Former Chief Economic Advisor (CEA) Arvind Subramanian has said that demonetisation was a “massive, draconian, monetary shock”. Against the 8 per cent growth recorded prior to demonetisation, he said that it accelerated economic slide to 6.8 per cent in the seven quarters after it.
“Demonetization was a massive, draconian, monetary shock: In one fell swoop, 86 per cent of the currency in circulation was withdrawn. The real GDP growth was affected by the demonetisation. Growth had been slowing even before, but after demonetisation, the slide accelerated,” news agency IANS quoted Subramanian as saying in a chapter in his upcoming book “Of Counsel: The Challenges of the Modi-Jaitley Economy”, which will be released on December 5.
“In the six quarters before demonetisation, growth averaged 8 per cent and in the seven quarters after, it averaged about 6.8 per cent (with a four quarter window, the relevant numbers are 8.1 per cent before and 6.2 per cent after),” Subramanian says in the chapter “The Two Puzzles of Demonetisation — Political and Economic.”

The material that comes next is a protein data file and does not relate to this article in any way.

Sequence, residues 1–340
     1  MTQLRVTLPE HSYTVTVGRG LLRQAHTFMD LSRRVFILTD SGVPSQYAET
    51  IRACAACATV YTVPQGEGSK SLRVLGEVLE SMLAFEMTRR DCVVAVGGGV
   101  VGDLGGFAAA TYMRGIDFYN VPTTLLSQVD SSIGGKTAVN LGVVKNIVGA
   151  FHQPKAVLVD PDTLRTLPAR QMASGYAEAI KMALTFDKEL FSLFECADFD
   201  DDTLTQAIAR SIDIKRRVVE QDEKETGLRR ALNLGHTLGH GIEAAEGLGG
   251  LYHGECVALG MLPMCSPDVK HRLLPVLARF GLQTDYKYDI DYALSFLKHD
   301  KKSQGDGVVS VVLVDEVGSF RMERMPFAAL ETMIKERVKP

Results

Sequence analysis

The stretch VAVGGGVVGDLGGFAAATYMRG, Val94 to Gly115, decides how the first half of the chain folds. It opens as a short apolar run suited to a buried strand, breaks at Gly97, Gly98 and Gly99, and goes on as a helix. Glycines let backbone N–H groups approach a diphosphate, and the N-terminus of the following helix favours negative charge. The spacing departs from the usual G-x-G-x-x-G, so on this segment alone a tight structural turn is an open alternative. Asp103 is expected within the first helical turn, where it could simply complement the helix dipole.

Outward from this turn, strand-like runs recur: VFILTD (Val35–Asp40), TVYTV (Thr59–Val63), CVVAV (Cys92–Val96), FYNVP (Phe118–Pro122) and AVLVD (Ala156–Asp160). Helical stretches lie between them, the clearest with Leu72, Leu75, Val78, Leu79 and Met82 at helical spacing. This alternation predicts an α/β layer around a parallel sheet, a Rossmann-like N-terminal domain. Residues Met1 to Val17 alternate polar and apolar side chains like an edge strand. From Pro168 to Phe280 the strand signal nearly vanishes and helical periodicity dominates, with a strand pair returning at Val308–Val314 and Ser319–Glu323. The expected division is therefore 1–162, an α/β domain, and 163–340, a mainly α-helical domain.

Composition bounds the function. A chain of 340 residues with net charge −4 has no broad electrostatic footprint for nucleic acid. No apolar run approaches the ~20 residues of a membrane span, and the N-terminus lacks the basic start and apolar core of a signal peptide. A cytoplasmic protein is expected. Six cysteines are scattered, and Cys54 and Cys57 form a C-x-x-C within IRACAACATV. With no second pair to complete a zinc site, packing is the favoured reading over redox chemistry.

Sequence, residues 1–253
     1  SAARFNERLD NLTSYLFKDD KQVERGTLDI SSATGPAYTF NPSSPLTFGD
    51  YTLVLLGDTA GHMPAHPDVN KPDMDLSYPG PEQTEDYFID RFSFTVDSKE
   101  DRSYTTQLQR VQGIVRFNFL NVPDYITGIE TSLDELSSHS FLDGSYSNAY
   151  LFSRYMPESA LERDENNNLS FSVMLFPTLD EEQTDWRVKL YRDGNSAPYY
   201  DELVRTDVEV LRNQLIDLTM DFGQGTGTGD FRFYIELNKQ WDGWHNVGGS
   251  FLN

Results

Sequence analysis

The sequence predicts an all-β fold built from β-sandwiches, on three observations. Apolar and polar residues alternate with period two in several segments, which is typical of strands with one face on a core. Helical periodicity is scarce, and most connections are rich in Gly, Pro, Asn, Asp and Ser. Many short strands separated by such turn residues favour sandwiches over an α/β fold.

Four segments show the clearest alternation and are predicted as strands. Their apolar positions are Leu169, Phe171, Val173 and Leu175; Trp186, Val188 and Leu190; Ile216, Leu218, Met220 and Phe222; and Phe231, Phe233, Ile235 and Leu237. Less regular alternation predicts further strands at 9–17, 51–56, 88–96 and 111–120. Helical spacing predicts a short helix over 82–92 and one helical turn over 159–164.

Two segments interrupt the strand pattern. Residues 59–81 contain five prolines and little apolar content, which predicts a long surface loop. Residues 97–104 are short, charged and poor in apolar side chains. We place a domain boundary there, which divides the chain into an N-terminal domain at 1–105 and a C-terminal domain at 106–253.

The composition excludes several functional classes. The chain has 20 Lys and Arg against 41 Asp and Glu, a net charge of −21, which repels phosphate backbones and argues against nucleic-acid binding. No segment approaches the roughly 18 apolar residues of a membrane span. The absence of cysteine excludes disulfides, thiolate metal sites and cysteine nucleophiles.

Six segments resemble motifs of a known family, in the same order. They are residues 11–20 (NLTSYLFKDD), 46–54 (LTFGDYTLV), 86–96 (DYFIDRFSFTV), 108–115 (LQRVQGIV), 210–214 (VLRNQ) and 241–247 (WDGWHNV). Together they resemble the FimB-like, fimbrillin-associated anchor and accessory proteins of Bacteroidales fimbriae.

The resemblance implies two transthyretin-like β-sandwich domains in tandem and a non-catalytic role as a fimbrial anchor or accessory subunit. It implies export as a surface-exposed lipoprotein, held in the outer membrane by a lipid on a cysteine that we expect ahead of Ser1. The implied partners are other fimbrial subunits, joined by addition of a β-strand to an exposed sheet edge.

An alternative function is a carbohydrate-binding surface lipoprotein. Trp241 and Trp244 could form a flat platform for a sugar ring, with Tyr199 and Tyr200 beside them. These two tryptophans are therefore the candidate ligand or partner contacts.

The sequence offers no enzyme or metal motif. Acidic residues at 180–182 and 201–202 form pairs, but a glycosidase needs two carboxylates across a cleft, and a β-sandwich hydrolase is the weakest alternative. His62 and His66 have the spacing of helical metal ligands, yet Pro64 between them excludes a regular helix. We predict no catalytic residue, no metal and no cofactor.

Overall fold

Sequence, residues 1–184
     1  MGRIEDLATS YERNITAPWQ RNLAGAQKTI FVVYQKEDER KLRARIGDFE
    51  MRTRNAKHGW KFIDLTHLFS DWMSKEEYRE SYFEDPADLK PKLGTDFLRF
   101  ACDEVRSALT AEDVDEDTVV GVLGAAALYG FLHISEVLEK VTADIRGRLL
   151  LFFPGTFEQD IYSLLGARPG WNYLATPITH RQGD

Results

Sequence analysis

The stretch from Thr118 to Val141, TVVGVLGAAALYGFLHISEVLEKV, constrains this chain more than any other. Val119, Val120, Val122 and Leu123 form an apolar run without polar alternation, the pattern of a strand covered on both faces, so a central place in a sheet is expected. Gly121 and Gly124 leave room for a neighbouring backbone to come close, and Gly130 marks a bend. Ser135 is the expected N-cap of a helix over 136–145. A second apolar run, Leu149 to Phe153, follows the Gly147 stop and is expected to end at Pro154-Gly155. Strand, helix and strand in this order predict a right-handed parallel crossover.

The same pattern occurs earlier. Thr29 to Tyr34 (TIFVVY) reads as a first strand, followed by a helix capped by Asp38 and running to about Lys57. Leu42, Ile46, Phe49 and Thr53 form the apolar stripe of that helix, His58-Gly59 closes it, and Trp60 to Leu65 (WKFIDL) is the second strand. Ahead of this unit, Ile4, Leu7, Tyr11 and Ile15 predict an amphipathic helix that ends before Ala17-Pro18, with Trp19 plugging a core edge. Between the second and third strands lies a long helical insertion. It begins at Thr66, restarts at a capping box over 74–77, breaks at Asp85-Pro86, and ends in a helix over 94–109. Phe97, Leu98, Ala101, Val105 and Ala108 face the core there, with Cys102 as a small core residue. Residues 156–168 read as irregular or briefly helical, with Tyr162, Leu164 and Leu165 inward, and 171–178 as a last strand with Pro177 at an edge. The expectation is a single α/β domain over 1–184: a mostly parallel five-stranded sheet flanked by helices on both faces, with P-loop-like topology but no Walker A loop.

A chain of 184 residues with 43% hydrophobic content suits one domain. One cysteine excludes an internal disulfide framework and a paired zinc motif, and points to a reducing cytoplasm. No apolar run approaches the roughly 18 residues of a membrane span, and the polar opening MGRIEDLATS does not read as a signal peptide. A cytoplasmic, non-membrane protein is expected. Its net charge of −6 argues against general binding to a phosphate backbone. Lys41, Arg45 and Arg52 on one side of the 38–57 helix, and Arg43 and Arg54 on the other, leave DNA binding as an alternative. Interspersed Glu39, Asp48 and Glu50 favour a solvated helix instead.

Asserting that demonetisation slowed growth, the former CEA said that the debate has been about the size of the effect. He says, “After all, many other factors affected growth in this period especially higher real interest rates, GST implementation and oil prices.”
“…But when a shock like demonetization occurs, that primarily affects the informal sector, relying on formal indicators to measure overall activity will overstate GDP. This hypothesis goes only a small way towards explaining the puzzle since any squeeze in informal sector incomes would depress demand in the formal sector, and this effect should have been sizable,” he added.
Subramanian, who quit his post in June this year after a four-year tenure, chose to maintain silence on whether he was consulted in the decision on demonetisation.
The former CEA also opined that note ban was an unprecedented move which has not been made by any country in the recent history and in normal times. Explaining further, he said that it has been either gradual demonetisation in normal times or sudden note ban in extreme situations such as war, hyperinflation, currency crisis or political turmoil.